At their best, charter schools in Los Angeles shatter the conventional wisdom that skin color and family income are the greatest predictors of academic success.
Setting standards high and wringing long hours out of students and teachers, the highest-performing charters push low-income black and Latino youth to levels of achievement, as measured by standardized tests, more typical of affluent, suburban students.
If such schools were the norm, any debate over the value of charters would be moot. But there is no typical charter. They adhere to no single vision and vary widely in quality.
That said, a Times analysis showed that, overall, L.A. charter schools deliver higher test scores than traditional public schools. But charters lag well behind L.A. Unified's network of magnet schools.
The Times compiled standardized test score and demographic data from the 2008-09 school year for 152 charter schools operating within L.A. Unified and compared them to the nearest traditional public school and to 161 magnets, which are specialized programs originally developed to integrate schools.
Magnets may provide a more apt basis for comparison because, like charters, they require students to apply -- an act that may weed out the least motivated. True, some charters are known to discourage less academically inclined students from enrolling. Magnets, however, may have an edge, because unlike charters, about one in five can restrict their applicants to students designated as gifted.
Among The Times' findings:
* Charters and magnets do especially well with African American students, who on average are the district's lowest achievers. African Americans are far more likely to seek out charters or magnets than students of other races and ethnicities, and once there, they achieve higher scores than other black students. For instance, 57% of African Americans in charters -- and 76% in magnet programs -- score proficient or better in math in elementary school, compared to 40% in traditional schools. In English, across all grades, 40% of African Americans in charter schools scored proficient or better, compared to 56% in magnet programs and 29% in traditional schools. (One consideration: Anecdotal evidence suggests that the black students in charters and magnets are more prosperous overall than those in traditional schools.)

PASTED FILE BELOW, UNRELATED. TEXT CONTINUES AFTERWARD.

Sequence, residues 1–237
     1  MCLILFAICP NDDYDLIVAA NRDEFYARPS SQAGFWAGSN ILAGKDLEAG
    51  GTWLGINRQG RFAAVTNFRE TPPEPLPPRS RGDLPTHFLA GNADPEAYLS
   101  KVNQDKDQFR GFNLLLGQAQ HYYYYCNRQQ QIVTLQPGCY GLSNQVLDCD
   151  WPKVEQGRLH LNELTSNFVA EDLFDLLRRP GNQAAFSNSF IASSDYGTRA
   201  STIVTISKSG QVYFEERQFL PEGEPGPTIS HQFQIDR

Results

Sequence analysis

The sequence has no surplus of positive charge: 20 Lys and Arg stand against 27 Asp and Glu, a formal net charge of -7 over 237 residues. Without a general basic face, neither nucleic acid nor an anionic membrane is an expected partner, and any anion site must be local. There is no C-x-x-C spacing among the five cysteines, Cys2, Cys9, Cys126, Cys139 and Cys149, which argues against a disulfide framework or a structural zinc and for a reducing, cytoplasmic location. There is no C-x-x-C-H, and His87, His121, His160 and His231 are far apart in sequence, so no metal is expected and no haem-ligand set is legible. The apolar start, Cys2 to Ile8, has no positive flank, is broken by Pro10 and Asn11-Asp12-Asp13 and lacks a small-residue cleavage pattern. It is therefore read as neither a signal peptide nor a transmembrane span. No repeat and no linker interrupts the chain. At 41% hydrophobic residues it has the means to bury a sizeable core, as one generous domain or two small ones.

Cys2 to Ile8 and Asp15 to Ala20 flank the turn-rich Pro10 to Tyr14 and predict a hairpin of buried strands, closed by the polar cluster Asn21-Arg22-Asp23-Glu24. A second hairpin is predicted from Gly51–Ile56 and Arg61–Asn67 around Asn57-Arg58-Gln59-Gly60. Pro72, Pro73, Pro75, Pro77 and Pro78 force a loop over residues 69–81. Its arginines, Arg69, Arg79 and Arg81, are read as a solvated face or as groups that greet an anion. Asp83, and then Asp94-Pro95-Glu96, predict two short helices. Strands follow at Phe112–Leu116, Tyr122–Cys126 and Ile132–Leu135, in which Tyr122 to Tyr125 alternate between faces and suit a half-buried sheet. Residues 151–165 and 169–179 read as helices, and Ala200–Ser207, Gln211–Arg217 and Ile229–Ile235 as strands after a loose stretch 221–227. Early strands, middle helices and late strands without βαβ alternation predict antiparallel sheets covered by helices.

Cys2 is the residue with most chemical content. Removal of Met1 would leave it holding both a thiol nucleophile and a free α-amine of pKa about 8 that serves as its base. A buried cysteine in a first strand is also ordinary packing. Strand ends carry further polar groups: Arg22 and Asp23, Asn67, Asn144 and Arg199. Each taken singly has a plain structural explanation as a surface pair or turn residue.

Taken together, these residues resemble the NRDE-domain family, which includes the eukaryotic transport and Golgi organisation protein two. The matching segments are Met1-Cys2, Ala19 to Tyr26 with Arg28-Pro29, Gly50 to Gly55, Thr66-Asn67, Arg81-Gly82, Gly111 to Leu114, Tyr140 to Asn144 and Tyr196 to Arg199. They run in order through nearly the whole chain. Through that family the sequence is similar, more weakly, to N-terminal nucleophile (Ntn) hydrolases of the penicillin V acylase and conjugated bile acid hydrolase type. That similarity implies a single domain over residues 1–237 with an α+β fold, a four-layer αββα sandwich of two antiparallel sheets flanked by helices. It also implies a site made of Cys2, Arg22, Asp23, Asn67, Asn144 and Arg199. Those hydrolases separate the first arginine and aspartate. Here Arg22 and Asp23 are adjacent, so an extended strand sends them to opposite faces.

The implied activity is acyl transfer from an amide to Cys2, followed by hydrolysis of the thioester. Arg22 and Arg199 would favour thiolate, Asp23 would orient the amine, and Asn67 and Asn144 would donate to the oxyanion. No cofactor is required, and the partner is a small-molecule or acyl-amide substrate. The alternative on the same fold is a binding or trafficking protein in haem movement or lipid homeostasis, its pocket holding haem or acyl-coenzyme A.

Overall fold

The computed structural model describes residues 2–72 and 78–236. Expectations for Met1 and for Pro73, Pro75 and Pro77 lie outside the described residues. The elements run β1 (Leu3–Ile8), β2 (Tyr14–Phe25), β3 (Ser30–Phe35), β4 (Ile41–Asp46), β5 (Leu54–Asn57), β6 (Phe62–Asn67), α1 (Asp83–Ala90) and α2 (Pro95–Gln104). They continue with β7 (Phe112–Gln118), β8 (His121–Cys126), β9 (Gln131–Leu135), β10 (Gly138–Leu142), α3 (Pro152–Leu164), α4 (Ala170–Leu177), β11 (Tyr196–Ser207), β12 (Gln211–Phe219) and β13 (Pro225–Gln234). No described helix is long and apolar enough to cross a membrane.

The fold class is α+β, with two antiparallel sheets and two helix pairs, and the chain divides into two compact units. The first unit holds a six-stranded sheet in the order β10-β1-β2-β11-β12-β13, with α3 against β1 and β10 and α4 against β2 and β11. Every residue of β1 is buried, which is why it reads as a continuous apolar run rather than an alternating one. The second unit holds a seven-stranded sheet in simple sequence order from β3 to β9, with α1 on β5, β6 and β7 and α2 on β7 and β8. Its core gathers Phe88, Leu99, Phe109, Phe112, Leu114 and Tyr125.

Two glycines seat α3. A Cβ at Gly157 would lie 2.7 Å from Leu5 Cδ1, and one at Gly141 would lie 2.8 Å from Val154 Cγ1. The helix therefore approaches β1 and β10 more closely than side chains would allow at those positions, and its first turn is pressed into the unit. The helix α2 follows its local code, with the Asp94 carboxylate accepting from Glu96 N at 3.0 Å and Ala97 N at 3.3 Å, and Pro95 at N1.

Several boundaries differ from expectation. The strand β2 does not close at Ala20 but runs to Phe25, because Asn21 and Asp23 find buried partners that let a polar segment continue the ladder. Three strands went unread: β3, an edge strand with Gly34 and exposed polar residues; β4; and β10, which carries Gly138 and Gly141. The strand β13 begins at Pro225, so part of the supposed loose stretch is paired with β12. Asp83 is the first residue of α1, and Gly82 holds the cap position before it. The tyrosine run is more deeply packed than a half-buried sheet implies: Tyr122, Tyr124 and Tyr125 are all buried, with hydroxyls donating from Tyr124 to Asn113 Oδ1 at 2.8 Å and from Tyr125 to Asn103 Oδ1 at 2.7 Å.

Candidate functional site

* Charter students performed better on standardized tests than students in traditional schools at every level, with the most striking difference in middle schools. There, 43% of charter students scored proficient or advanced in math and 47% in reading, compared with 25% and 30% in traditional schools. Again, magnets scored better overall than any schools.
Nearly half of L.A. charters belong to chains, typically dedicated to providing more effective schools in historically low-performing areas.
Overall, The Times found that these chains don't do as well as other charters, but some do very well. Among the highest-achieving are schools in the national KIPP chain and in the California-based Aspire, Bright Star and Crescendo groups.
The lowest-performing, based on test scores, is the large Green Dot chain -- which nonetheless compares favorably to nearby traditional schools, which include some of the lowest-performing in the district.
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